It is to be understood that the present invention may also be accomplished by supplying a system or an apparatus with a storage medium in which a program code of software, which realizes the functions of the above described embodiment is stored, and causing a computer (or CPU or MPU) of the system or apparatus to read out and execute the program code stored in the storage medium.

In this case, the program code itself read from the storage medium realizes the functions of the above described embodiment, and therefore the program code and the storage medium in which the program code is stored constitute the present invention.

Examples of the storage medium for supplying the program code include a floppy (registered trademark) disk, a hard disk, a magnetic-optical disk, an optical disk, such as a CD-ROM, a CD-R, a CD-RW, a DVD-ROM, a DVD-RAM, a DVD-RW, or a DVD+RW, a magnetic tape, a nonvolatile memory card, and a ROM. Alternatively, the program may be downloaded via a network.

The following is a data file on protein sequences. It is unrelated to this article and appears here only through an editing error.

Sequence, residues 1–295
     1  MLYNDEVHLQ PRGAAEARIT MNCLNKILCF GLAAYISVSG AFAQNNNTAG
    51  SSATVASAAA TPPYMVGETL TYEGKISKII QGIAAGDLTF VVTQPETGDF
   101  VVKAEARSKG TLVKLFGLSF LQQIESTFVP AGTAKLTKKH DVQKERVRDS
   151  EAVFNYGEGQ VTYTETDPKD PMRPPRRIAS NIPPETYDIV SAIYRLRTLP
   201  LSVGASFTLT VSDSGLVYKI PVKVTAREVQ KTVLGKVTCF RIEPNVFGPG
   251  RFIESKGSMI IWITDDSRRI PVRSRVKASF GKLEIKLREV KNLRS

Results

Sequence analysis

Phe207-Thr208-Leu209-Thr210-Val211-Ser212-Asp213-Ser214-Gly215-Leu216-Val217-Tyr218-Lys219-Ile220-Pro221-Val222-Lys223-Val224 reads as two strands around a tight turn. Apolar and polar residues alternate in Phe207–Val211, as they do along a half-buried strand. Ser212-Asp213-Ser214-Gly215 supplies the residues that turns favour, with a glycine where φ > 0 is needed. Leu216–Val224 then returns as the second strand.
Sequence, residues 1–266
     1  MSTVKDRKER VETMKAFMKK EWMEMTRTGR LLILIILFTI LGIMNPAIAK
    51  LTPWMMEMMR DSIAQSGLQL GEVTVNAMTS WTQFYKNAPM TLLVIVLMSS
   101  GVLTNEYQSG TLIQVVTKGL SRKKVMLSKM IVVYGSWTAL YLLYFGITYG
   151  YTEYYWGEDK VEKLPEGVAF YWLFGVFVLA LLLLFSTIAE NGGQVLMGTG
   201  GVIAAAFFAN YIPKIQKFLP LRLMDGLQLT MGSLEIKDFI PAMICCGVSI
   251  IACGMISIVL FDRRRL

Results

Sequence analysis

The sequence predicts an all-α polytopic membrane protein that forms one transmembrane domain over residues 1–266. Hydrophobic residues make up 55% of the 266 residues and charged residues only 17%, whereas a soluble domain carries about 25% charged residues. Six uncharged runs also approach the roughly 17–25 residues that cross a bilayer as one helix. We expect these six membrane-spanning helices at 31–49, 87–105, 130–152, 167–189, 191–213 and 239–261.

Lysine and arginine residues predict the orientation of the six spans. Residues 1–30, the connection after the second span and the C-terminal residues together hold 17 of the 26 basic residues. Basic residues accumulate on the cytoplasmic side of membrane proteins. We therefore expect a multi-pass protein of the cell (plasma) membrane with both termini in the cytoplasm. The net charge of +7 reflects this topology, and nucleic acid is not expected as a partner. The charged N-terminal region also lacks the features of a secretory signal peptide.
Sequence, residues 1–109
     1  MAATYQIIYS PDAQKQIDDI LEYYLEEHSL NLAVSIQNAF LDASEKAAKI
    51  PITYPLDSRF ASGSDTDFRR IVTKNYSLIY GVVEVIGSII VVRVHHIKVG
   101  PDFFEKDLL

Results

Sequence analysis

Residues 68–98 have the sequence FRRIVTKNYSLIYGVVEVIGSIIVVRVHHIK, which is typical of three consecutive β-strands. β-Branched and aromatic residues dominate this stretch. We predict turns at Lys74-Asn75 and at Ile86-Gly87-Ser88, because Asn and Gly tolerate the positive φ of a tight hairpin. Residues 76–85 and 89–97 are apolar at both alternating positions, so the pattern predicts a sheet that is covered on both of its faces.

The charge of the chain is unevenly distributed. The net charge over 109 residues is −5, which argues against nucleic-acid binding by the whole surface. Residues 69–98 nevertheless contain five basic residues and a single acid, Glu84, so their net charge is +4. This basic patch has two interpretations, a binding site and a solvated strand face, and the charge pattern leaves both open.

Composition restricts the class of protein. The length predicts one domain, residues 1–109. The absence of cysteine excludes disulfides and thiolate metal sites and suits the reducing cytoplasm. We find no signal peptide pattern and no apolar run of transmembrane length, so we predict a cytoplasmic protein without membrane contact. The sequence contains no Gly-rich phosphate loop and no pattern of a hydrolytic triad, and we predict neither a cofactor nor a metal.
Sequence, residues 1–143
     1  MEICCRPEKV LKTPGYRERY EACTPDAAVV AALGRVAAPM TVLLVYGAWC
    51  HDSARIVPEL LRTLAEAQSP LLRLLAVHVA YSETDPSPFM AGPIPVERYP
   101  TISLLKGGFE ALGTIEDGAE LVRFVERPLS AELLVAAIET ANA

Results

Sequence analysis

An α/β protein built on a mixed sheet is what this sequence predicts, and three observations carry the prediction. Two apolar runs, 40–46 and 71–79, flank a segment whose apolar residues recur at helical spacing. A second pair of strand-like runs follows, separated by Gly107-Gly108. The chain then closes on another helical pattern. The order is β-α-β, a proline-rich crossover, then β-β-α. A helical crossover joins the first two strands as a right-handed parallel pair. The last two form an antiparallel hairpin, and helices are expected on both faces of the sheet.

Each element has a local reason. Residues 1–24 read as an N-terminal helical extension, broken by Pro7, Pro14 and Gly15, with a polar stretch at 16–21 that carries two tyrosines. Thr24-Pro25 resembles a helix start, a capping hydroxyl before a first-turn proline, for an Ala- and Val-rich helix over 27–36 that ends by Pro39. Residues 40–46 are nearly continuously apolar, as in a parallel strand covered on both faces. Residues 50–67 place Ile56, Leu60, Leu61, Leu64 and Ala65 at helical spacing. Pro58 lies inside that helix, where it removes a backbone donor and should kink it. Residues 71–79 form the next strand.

Further, it is to be understood that the functions of the above described embodiment may be accomplished not only by executing the program code read out by a computer, but also by causing an OS (operating system) or the like which operates on the computer to perform a part or all of the actual operations based on instructions of the program code.

Further, it is to be understood that the functions of the above described embodiment may be accomplished by writing a program code read out from the storage medium into a memory provided on an expansion board inserted into a computer or a memory provided in an expansion unit connected to the computer and then causing a CPU or the like provided in the expansion board or the expansion unit to perform a part or all of the actual operations based on instructions of the program code.

While the present invention has been described with reference to an exemplary embodiment, it is to be understood that the invention is not limited to the disclosed exemplary embodiment. The scope of the following claims is to be accorded the broadest interpretation so as to encompass all modifications, equivalent structures and functions

This application claims priority from Japanese Patent Application No. 2007-102060 filed Apr. 9, 2007, which is hereby incorporated by reference herein in its entirety.

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JPS62296669A Title not available
JPS63185279A Title not available
Classifications
U.S. Classification399/49, 399/72, 399/51
International ClassificationG03G15/00
Cooperative ClassificationG03G15/065, G03G15/04072, G03G15/5062, G03G2215/0404, G03G2215/00063
European ClassificationG03G15/06C, G03G15/50M